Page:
In response to the suggestion by Knesset Science and Technology committee chairman Uri Maklev that Facebook establish an Israeli office to handle complaints from people who claimed to have been hurt by the content on Facebook posts, a representative from the social media website said such matters were better handled online.
Facebook executive Simon Milner, the company’s director for policy for Europe, the Middle East and Africa, was speaking at a session on the limits of discourse on the Internet that was prompted by the suicide of Interior Ministry official Ariel Ronis after Ronis was accused of racism in a Facebook post.
Julie de Bailliencourt, Facebook’s safety policy manager for the region, told the panel the that social media site has clear content guidelines and a staff whose job it is to remove harmful content, but another speaker, Avi Lan, complained that he had never received an explanation as to why a Facebook page that he created was taken down.
Orange S.A. CEO gets death threats following flap over Partner Communications
French police are investigating death threats made against Stephane Richard, the CEO of Orange S.A., the company that used to be known as France Telecom, following a public row with Israel, a judicial source said on Tuesday. Richard’s personal details were put online and he then received about 100 phone calls, with some containing death threats, the judicial source said. Paris police had opened an investigation after Richard filed a complaint.
Israel protested to France after Richard said earlier this month that he would terminate a licensing arrangement with Israel’s Partner Communications “tomorrow morning” if the contracts allowed. Partner operates under the Orange brand name through a licensing deal that is believed to expire in 10 years but has no other connection to the French company. Richard visited Israel last week and told Prime Minister Benjamin Netanyahu he profoundly regretted remarks which he said were misinterpreted to make it sound as if he supported a boycott of Israel.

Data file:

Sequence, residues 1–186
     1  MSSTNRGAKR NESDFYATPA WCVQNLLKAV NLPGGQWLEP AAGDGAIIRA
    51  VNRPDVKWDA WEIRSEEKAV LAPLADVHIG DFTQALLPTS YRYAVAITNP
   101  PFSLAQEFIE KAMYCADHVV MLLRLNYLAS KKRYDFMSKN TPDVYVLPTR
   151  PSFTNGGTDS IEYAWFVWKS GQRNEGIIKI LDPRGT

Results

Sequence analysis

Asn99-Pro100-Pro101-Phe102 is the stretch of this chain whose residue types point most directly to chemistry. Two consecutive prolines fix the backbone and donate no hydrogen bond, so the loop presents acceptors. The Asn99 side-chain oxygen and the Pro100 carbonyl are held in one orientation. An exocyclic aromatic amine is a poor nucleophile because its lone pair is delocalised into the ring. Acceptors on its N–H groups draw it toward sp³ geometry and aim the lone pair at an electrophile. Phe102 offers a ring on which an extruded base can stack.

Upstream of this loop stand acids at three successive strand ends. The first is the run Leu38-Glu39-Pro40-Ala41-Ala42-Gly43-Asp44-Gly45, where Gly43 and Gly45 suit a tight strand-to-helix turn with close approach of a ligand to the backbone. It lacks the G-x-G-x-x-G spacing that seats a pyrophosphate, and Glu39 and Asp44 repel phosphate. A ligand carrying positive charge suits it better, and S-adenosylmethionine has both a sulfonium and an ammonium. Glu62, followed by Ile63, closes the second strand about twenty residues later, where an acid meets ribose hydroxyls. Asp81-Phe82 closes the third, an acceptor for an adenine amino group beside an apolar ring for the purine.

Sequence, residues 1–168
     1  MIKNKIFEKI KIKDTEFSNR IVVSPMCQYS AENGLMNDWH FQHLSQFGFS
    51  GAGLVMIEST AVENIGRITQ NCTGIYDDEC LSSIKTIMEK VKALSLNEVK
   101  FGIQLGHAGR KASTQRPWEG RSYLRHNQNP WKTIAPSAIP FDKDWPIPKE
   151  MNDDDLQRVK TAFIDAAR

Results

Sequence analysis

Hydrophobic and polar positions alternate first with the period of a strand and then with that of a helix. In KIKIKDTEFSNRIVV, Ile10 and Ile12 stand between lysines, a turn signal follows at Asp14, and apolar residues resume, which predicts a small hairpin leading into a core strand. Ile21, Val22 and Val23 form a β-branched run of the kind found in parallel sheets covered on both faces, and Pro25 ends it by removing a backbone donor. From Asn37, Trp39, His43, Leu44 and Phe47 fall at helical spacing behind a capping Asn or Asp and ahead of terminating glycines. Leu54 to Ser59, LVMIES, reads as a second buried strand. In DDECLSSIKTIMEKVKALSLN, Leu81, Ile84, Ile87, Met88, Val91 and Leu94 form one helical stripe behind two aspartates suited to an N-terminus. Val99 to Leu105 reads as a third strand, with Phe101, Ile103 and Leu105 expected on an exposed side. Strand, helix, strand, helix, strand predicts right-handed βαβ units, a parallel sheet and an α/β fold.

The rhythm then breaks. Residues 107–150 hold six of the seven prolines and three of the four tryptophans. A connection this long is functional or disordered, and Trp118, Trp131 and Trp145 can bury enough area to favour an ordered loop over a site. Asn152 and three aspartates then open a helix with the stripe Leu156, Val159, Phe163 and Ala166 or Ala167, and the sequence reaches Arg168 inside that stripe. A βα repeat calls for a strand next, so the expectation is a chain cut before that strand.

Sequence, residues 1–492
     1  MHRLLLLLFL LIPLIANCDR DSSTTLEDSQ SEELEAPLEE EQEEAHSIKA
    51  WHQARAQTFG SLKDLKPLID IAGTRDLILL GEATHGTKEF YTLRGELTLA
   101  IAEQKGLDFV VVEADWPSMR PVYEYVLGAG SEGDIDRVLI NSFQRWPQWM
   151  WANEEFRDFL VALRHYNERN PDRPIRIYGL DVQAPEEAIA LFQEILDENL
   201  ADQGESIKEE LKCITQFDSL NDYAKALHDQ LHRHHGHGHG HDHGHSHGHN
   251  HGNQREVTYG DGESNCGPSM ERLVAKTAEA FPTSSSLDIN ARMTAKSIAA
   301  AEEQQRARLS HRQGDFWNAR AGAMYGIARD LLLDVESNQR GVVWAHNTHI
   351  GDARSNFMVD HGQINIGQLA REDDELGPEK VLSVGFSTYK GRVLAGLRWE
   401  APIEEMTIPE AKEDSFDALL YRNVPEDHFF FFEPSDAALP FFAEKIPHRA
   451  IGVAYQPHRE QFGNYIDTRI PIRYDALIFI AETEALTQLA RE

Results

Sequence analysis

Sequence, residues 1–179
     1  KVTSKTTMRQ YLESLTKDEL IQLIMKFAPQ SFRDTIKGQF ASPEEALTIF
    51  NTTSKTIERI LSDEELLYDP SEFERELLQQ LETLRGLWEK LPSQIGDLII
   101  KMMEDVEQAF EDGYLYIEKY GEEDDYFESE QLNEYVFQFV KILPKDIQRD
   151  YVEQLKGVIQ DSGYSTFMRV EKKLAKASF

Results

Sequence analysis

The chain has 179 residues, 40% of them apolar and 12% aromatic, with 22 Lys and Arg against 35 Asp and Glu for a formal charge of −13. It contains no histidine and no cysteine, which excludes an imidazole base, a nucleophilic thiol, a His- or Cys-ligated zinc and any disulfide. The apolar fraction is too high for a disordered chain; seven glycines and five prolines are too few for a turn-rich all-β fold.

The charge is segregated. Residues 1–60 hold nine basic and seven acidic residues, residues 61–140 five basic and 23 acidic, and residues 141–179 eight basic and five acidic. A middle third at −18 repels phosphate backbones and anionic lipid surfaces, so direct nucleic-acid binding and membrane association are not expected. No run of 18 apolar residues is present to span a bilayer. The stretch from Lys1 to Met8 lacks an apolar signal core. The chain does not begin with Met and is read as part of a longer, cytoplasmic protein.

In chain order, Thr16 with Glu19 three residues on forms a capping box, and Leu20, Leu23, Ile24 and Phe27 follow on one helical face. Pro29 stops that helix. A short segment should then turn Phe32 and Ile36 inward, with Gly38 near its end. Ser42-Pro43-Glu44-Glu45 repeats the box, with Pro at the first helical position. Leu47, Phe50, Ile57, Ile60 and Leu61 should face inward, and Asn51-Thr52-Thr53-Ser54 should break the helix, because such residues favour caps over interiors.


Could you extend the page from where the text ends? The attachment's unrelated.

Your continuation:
AVG Technologies to open Israeli R&D center, to employ over 120
Security software maker AVG Technologies NV said yesterday it was opening a research and development center in Israel that would focus on emerging mobile threats. The facility in Tel Aviv will support more than 120 employees, said AVG, which has over 200 million monthly active users. AVG Anti-Virus, the company’s most popular mobile product, was driven by the acquisition of Israeli start-up DroidSecurity in 2010, it noted. “AVG’s rapidly growing mobile customer base makes this a critical time to build robust ... offerings, supporting the multiple mobile platforms and services that are so popular today,” said Harel Tayeb, AVG’s Israel country manager.
Red Gold begins commercial production of algae by-product
KMN Capital has begun commercial cultivation of red algae through its Red Gold subsidiary as a source of agarose, which is used, among other purposes, for DNA testing and in the cosmetics industry. Agarose production has begun following the completion of construction of 20 algae ponds on the Mediterranean coast at Dor, south of Haifa. With the addition of another 40 ponds in August, the company will have spent an estimated $400,000 on the project.
The firm has signed a supply agreement with one of the world’s leading cosmetic’s firms at a time when demand for agarose exceeds supply, Red Gold’s Beyla Potash said. She said production in ponds rather than in the sea, as is done in other countries, provides better control over quality and quantity.
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